Transform case studies with the magic of “because”
Let’s say that I’m writing for a health and fitness blog with this audience: women who want to start working out but need motivation.
I therefore decide to share the following experience: When I was in high school, our gym teacher told us to jog through nearby neighborhoods for 30 minutes. My friend and I, though, had a better idea. We trotted half a block to her house and then drank lemonade on her front porch, timing it so that we returned to the school at the right moment, slightly out of breath. A few years later, though, I realized that exercise was important and I found out that I actually enjoyed jogging.
So, how’s that for a testimonial? Non-exercising women could relate to the lemonade strategy and would be encouraged that all was not hopeless.
Well, you could use it. But, it’s not ideal. In this anecdote:
- Two things happened:
- In high school, I didn’t exercise
- As an adult, I do
- But these two things are not directly related
What if the scenario had been different?
Let’s say that:
- When I got back to school that day, my teacher somehow knew that we’d spent our jogging time sipping cool drinks.
- He told us that missing one day of exercise certainly wouldn’t hurt but added that regular exercise helps to prevent heart attacks, strokes and diabetes.
- I inwardly rolled my eyes and headed home.
- When I got home, I saw an ambulance in my neighbor’s driveway.
- Overweight, he’d just suffered a heart attack – and didn’t survive.
- At that moment, I totally got what my gym teacher was trying to tell me.
- So I committed to a regular workout program.
In other words, I started to exercise regularly because of what had happened that day and I continue to enjoy a healthy lifestyle today.
So, because of those events:
- I changed in a fundamental way.
- I had an epiphany.
- I had a transformational moment.
And that is the core of the most compelling case studies: capturing the precise moment of transformation, the moment when the light bulb finally turns on.
Starting en media res
Fiction writers are often told to start their stories “en media res,” meaning “in the midst of things.” In other words, start the novel or short story:
- with the moment that your main character empties his mailbox and hears a package tick suspiciously
- when a woman slams the door in the face of a sheepish-looking male, shouting, “I told you I wouldn’t tolerate that behavior anymore!”
- when a woman looks at the results of her pregnancy test and bursts into tears
In each of these cases, we don’t need to know someone’s life history to know that something is wrong, just like you didn’t need to hear my life’s story from birth on to know that, pre-lemonade day, I didn’t have the best attitude about exercise. A well-told story can start en media res and readers can catch on quickly without extraneous details.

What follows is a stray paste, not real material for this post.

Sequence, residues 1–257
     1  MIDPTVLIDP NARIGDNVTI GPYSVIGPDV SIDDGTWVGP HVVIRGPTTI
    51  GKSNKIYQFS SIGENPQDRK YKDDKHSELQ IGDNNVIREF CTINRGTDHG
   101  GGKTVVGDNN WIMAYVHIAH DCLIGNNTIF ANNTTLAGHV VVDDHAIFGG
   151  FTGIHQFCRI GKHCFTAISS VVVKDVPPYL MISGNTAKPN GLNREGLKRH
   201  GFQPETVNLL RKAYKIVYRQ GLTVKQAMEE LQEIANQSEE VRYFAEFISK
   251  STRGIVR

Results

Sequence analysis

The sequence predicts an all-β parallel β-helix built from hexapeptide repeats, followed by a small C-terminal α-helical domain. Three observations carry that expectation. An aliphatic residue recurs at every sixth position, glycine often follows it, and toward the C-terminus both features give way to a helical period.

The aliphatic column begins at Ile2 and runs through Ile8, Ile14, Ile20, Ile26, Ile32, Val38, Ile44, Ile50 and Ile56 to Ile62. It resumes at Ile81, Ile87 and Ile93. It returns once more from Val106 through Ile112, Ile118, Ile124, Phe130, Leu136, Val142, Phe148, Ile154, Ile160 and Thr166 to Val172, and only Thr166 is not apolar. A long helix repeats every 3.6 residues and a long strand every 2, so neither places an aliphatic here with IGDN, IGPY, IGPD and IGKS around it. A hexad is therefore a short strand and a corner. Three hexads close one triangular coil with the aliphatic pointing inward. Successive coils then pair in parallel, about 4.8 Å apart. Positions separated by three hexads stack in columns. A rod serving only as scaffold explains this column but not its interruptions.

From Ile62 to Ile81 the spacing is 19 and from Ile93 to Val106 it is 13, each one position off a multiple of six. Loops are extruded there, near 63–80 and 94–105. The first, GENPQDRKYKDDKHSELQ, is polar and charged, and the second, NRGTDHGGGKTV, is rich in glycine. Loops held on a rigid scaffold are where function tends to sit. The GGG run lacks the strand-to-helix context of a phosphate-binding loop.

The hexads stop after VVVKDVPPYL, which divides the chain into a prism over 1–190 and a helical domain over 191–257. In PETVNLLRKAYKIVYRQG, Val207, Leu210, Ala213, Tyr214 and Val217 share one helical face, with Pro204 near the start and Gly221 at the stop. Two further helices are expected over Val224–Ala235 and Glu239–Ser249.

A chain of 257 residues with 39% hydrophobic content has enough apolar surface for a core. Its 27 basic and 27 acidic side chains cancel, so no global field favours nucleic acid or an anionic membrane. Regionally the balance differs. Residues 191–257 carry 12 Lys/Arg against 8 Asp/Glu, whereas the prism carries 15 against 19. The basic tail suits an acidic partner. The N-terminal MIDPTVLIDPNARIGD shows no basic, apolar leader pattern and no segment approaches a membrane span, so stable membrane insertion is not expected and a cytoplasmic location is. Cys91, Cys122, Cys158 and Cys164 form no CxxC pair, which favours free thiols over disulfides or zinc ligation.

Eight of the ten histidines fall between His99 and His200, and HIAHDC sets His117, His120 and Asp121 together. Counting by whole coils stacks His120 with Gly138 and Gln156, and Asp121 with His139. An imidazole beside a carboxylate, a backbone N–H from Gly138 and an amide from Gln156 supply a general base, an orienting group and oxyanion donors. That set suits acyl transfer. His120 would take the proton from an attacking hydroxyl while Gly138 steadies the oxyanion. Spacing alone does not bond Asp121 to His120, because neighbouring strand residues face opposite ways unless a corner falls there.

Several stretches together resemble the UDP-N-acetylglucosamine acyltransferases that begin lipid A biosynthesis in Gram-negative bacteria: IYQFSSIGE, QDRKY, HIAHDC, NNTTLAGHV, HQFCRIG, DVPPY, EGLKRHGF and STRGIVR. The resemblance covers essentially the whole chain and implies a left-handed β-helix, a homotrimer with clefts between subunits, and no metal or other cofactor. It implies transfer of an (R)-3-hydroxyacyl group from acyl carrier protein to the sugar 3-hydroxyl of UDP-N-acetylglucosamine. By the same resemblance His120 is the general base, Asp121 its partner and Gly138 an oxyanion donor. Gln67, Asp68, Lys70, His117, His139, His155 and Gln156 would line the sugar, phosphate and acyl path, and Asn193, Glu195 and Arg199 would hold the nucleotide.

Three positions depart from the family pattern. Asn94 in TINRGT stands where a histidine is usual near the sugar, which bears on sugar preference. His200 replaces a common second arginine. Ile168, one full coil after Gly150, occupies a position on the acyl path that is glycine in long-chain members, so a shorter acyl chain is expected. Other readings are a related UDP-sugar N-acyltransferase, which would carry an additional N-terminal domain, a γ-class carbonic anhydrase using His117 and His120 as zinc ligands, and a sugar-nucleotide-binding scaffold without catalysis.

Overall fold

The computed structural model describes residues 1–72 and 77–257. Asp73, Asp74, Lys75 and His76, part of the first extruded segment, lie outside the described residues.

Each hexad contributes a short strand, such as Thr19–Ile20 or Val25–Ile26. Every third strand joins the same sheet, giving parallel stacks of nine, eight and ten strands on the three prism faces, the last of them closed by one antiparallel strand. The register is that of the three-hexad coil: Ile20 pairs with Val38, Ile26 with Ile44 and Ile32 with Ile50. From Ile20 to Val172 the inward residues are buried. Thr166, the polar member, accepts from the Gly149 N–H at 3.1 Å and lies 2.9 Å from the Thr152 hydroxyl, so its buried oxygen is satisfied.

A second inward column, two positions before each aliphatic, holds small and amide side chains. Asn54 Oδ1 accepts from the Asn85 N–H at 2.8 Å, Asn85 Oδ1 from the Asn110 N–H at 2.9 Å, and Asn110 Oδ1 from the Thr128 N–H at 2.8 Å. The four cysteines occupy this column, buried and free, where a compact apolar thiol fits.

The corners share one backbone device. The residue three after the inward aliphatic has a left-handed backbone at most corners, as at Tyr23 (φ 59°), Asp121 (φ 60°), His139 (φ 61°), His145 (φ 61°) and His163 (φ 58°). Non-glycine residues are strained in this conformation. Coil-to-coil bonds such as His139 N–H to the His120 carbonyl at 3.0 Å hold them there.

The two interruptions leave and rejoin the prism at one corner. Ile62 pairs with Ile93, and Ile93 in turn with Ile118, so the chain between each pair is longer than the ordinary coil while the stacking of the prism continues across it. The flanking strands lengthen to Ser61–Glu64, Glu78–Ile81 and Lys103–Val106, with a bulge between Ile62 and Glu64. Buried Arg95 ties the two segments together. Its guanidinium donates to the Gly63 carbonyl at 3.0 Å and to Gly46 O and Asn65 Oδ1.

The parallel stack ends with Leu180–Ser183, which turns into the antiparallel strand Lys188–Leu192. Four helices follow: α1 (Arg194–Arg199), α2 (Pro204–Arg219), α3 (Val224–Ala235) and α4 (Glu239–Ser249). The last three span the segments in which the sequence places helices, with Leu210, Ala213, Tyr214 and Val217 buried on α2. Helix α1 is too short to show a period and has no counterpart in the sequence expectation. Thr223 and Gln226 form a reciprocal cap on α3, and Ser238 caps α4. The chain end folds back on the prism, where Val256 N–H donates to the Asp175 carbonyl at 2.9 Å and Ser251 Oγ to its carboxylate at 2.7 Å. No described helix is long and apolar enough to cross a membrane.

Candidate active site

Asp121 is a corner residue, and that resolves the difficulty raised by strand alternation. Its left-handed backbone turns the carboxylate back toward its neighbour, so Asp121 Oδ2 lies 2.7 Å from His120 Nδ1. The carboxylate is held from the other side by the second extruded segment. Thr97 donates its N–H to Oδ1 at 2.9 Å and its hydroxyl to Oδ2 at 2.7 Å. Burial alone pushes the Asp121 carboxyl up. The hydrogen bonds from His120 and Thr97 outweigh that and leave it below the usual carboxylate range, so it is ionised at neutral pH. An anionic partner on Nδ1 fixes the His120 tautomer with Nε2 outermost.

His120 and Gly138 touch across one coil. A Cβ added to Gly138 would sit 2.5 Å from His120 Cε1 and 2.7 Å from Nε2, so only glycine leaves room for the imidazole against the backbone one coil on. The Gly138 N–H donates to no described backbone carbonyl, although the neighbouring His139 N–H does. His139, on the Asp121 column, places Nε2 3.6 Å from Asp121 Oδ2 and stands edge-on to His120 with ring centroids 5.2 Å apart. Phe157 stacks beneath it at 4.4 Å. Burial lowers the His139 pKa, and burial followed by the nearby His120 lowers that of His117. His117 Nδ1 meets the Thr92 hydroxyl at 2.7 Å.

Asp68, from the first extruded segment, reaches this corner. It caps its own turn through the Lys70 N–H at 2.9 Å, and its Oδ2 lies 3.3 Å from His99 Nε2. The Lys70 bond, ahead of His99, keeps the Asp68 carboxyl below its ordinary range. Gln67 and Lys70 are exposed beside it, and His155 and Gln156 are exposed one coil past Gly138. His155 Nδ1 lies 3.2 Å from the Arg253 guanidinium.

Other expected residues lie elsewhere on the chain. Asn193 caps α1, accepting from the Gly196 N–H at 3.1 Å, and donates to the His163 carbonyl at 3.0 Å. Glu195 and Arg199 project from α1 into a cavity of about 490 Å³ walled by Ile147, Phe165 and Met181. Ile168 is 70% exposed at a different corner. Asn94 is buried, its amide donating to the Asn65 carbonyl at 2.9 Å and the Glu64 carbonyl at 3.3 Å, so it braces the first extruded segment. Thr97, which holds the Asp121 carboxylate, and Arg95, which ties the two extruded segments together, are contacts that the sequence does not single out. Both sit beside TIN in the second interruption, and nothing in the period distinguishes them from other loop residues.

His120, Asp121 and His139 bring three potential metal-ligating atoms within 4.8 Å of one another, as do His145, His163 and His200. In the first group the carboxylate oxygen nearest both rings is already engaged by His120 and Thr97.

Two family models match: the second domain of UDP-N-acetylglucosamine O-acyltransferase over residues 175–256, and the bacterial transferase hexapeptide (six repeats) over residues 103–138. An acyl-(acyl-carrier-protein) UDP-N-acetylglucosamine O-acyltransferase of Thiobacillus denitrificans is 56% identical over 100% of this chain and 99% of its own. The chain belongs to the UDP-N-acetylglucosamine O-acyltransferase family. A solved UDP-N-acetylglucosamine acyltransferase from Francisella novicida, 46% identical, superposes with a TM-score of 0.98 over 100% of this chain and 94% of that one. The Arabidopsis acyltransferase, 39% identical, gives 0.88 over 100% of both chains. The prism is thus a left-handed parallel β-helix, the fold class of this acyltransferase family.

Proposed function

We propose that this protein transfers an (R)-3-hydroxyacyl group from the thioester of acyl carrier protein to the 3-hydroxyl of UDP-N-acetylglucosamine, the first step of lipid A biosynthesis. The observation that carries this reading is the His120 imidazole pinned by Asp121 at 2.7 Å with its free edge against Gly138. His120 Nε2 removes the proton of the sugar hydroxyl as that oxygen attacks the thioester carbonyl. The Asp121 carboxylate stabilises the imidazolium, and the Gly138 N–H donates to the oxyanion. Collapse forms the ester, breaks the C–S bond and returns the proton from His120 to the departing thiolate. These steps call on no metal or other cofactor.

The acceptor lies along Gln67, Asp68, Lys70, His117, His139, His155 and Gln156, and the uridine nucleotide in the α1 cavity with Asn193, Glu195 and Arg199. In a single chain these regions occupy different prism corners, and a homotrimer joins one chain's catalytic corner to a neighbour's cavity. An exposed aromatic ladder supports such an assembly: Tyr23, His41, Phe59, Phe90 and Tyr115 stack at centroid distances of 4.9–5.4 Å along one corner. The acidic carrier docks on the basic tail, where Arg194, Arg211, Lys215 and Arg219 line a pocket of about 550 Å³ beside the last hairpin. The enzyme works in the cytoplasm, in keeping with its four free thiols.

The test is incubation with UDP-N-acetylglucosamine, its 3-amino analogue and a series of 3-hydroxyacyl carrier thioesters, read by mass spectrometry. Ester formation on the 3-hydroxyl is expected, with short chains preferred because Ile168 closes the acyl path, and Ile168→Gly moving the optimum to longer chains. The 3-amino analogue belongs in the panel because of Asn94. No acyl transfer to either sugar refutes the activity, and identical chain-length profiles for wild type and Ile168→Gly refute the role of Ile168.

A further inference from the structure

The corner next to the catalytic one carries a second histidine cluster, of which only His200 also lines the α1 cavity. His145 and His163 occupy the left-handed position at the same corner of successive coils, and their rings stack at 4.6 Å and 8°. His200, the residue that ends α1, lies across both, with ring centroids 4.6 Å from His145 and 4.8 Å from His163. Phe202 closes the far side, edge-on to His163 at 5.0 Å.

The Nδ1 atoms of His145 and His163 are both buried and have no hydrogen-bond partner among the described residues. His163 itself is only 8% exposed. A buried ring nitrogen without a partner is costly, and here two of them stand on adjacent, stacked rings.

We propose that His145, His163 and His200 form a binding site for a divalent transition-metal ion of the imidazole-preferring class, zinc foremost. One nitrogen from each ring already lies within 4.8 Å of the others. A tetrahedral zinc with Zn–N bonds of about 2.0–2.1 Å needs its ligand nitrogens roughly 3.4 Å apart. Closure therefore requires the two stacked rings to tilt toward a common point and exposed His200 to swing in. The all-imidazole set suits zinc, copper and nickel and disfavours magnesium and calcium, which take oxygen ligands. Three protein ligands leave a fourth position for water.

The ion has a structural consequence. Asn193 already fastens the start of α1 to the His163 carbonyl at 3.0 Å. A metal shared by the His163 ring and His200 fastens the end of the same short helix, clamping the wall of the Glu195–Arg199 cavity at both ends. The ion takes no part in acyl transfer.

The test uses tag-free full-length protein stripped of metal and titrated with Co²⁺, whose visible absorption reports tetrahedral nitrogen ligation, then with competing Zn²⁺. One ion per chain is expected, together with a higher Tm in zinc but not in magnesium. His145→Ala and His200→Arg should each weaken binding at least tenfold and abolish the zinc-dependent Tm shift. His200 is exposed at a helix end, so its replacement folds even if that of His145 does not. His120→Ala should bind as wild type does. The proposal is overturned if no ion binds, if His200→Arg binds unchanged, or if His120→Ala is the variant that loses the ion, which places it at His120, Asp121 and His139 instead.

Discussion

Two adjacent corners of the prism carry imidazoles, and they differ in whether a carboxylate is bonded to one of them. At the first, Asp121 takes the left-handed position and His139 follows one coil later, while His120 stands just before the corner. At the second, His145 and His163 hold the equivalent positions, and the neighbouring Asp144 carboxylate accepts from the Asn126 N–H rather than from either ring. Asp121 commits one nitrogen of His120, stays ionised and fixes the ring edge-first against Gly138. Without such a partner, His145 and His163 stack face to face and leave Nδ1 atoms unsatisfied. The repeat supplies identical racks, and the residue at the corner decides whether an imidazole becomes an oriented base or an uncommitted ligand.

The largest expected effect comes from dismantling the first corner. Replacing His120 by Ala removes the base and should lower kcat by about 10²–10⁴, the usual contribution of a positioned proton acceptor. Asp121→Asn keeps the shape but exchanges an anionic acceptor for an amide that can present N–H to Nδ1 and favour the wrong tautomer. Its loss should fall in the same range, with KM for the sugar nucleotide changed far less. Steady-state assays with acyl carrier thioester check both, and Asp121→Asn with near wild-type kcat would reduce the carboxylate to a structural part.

Using en media res in case studies
If you’re a bank wanting to encourage more savings, you could share the story of the woman who looked stunned at a cash register. Her credit card was denied and she had no other way to buy her son presents for Christmas.
Let this woman share how this disaster caused her to rethink her spending habits and begin to budget her money. You could start your case study at the cash-register moment, without needing to share unnecessary back matter.
But where do I get all of this material?
Through case study research, which is nowhere near as complicated as you might imagine.
You need to talk to your customers. Lots of them. The reality is that not every customer you chat with will have a life experience that translates well into a case study. But, if you talk with enough customers; if you talk with them often enough; and if you truly listen to what they have to say, then the cream will rise to the top.
1) Talk to customers – lots of them – often.
2) Train yourself to become attuned to listen to stories that will translate well into the best case studies.
3) When writing up a case study, share the event that leads to an epiphany that causes a shift in how someone thinks or lives.
4) Capture that moment of transformation.
5) When done well:
- You can start en media res
- You won’t even need to suggest products and/or services in your copy because the point is clearly made through storytelling
And that’s the real beauty of case studies. Presented well, THEY make the case for products and services, which makes for very compelling marketing, indeed.
Have you tried this type of case study research and writing? How did it work for you? Please leave a comment below.